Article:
armillary sphere

an ancient instrument consisting of an arrangement of rings, all of which are circles of the same sphere, used to show the relative positions of the celestial equator, ecliptic, and other circles on the celestial sphere.
[1550-60]

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 early astronomical device for representing the great circles of the heavens, including in the most elaborate instruments the horizon, meridian, Equator, tropics, polar circles, and an ecliptic hoop. The sphere is a skeleton celestial globe, with circles divided into degrees for angular measurement. In the 17th and 18th centuries such models—either suspended, rested on a stand, or affixed to a handle—were used to show the difference between the Ptolemaic theory of a central Earth and the Copernican theory of a central Sun.

      The earliest known complete armillary sphere with nine circles is believed to have been the meteōroskopion of the Alexandrine Greeks (c. AD 140), but earlier and simpler types of ring instruments were also in general use. Ptolemy, in the Almagest, enumerates at least three. It is stated that Hipparchus (146–127 BC) used a sphere of four rings; and in Ptolemy's instrument, the astrolabon, there were diametrically disposed tubes upon the graduated circles, the instrument being kept vertical by a plumb line.

      The Arabs employed similar instruments with diametric sight rules, or alidades, and it is likely that those made and used in the 12th century by Moors in Spain were the prototypes of all later European armillary spheres.

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Universalium. 2010.

Look at other dictionaries:

  • Armillary sphere — Sphere Sphere, n. [OE. spere, OF. espere, F. sph[ e]re, L. sphaera,. Gr. ??? a sphere, a ball.] 1. (Geom.) A body or space contained under a single surface, which in every part is equally distant from a point within called its center. [1913… …   The Collaborative International Dictionary of English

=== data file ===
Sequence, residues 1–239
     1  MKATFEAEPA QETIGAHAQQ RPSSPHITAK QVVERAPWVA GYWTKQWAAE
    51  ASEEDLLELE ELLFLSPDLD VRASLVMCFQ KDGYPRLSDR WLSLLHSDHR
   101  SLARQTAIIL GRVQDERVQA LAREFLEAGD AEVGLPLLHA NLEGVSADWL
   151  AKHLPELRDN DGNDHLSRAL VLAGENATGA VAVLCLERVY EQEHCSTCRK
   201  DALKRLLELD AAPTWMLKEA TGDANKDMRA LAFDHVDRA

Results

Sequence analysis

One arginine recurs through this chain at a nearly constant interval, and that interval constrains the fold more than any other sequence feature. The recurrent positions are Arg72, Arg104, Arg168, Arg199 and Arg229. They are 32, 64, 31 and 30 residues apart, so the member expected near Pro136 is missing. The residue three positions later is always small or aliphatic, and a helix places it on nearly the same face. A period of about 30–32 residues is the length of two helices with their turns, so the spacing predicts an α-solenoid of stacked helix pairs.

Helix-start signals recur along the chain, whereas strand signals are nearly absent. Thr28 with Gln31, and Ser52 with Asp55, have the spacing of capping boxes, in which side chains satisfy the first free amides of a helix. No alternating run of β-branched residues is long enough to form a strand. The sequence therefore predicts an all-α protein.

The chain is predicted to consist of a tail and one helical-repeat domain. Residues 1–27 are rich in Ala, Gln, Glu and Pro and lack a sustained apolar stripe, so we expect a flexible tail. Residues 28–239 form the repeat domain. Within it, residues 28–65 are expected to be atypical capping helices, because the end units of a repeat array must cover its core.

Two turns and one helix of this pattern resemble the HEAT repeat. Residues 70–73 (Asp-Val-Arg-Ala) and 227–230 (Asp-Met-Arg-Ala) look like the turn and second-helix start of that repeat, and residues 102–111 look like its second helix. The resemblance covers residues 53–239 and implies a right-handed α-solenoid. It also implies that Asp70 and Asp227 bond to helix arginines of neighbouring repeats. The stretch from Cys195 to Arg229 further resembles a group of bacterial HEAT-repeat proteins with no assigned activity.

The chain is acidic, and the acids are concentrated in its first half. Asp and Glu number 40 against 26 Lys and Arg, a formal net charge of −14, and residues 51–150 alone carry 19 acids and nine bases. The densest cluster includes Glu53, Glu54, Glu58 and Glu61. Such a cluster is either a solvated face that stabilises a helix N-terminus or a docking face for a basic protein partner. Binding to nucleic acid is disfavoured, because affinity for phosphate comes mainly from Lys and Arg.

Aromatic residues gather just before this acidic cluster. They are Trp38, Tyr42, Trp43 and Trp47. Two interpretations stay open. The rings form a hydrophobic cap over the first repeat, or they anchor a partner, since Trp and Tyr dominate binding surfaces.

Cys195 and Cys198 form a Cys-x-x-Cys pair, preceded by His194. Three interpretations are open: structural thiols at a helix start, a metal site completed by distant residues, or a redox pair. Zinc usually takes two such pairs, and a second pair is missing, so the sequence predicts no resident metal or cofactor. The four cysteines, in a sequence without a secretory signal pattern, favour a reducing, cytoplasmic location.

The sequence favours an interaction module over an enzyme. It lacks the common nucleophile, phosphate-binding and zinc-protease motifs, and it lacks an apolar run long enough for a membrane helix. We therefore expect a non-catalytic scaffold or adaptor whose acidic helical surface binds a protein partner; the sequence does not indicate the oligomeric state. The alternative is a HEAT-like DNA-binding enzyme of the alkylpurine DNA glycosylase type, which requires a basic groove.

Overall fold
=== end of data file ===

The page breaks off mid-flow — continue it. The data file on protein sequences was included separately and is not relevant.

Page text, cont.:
• Armillary sphere — Armillary Ar mil*la*ry, a. [LL. armillarius, fr. L. armilla arm ring, bracelet, fr. armus arm: cf. F. armillaire. See {Arm}, n.] Pertaining to, or resembling, a bracelet or ring; consisting of rings or circles. [1913 Webster] {Armillary sphere},… …   The Collaborative International Dictionary of English

  • armillary sphere — [är′mə ler΄ē] n. [< L armilla, armlet, bracelet < armus: see ARM2] an ancient astronomical sighting instrument representing the great circles of the horizon, the ecliptic, the meridian, etc …   English World dictionary

  • Armillary sphere — An armillary sphere (variations are known as spherical astrolabe, armilla, or armil) is a model of the celestial sphere. Description and use of the armillary sphere The exterior parts of this machine are a compages of brass rings, which represent …   Wikipedia

  • armillary sphere — noun Etymology: French sphère armillaire, from Medieval Latin armilla, from Latin, bracelet, iron ring, from armus shoulder more at arm Date: 1664 an old astronomical instrument composed of rings showing the positions of important circles of the… …   New Collegiate Dictionary

  • armillary sphere — ar′millary sphere′ n. astron. an ancient astronomical instrument consisting of an arrangement of metal rings used to show the relative positions of the celestial equator and other circles on the celestial sphere …   From formal English to slang

  • armillary sphere — /aˌmɪləri ˈsfɪə/ (say ah.miluhree sfear) noun Astronomy an arrangement of rings, all circles of a single sphere, showing the relative positions of the principal circles of the celestial sphere …   Australian English dictionary

  • armillary sphere — noun a revolving model of the celestial sphere constructed from metal rings representing the equator, the tropics, etc. Origin C17: from mod. L. armillaris relating to an armilla , a similar astronomical instrument used by ancient astronomers,… …   English new terms dictionary

  • armillary sphere — noun An instrument consisting of graduated metal circles used to represent the motions of celestial bodies around the earth …   Wiktionary

  • armillary sphere — noun a celestial globe consisting of metal hoops; used by early astronomers to determine the positions of stars • Syn: ↑armilla • Hypernyms: ↑celestial globe …   Useful english dictionary

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